- Associate editor of The Chinese Economy (an American journal)
- Panel member for Distinguished Article Award of the Asian Law and Society Association
- Adjunct Fellowship with the Centre for Comparative Law and Development Studies in Asia and the Pacific, University of Wollongong
Notion of Unconscionability – a comparative analysis from the perspectives of common law and civil law systems. UNSW Law School Centre for Law, Markets and Regulation Summer Research Grant 2019 (Chief investigator)
Security in old age for single older women without children. CP Australia – Global Research Perspective Program 2018 (Project instigator and co-researcher)
International Guidelines in E-Commerce- An Enhancement for Developing Chinese Consumer Legal Regime in Digital Market. UNSW Business School Special Research Grant 2017 (Chief investigator)
Economic efficiency and the law reform process in China, Indonesia and Thailand. Commissioned by the Ministry of Justice, France 2005 (Chief coordinator and co-researcher)
Implication of the WTO membership on the consumers – A Case study of China. The University of Sydney, Faculty of Business Grant 2003 (Chief investigator)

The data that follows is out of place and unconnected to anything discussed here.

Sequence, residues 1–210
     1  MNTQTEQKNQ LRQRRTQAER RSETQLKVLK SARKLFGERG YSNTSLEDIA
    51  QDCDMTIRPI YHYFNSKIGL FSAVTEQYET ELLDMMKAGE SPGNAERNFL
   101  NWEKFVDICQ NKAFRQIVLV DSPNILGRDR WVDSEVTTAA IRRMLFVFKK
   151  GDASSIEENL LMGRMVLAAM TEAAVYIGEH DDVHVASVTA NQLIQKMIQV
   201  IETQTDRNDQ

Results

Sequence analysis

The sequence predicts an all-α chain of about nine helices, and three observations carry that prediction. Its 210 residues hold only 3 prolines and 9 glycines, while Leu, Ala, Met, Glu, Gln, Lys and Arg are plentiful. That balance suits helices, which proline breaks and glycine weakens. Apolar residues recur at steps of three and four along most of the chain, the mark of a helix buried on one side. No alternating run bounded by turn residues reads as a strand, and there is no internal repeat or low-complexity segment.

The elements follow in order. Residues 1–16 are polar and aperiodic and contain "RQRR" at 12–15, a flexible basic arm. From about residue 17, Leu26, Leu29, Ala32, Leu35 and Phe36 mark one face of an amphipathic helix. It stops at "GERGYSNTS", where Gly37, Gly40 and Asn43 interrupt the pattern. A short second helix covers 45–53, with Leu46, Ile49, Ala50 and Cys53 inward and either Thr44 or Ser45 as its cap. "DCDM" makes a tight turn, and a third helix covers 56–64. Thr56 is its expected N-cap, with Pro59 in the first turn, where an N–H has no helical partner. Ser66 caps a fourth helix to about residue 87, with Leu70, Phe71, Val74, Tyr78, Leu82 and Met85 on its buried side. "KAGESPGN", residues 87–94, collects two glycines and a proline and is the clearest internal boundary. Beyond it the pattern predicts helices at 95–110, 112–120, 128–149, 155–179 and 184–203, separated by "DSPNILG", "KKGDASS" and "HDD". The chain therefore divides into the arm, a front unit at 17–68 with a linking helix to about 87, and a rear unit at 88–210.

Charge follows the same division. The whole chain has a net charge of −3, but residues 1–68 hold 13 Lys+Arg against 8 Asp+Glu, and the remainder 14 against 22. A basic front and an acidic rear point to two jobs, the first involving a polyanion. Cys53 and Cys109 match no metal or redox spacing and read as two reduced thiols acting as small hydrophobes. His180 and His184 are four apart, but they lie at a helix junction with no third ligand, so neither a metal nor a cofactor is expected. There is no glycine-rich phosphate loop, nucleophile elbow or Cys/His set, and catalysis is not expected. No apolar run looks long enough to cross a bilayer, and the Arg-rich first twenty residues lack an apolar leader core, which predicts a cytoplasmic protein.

A review of Chinese consumer law after accession to the World Trade Organisation. The University of New South Wales, Faculty of Economics and Business Grant 2002 (Chief investigator)
Master of Laws (USyd); Bachelor of Arts in Law (Hons) (N. London)
My Research Activities
Mary is passionate in examining efficiency of legal protection for consumers. Her passion is prompted by the on-going infringement of consumers’ rights notwithstanding most countries already have enacted consumer law. Since Mary adopts comparative and cross-disciplinary research methodology for her studies, her research findings appeal to legal scholars as well as researchers in business discipline. Mary’s research has also appealed to local and overseas students who sought supervision for their higher degree study.
Mary’s recent research interest in old age, gender and housing is built on her enduring study about consumers vulnerability and disadvantages in consumption.
2018 – present, Associate editor, The Chinese Economy,
Assistant guest editor
2018 – E-journal for the 13th Atax International Tax Administration Conference, Sydney.
Invited reviewer for book proposal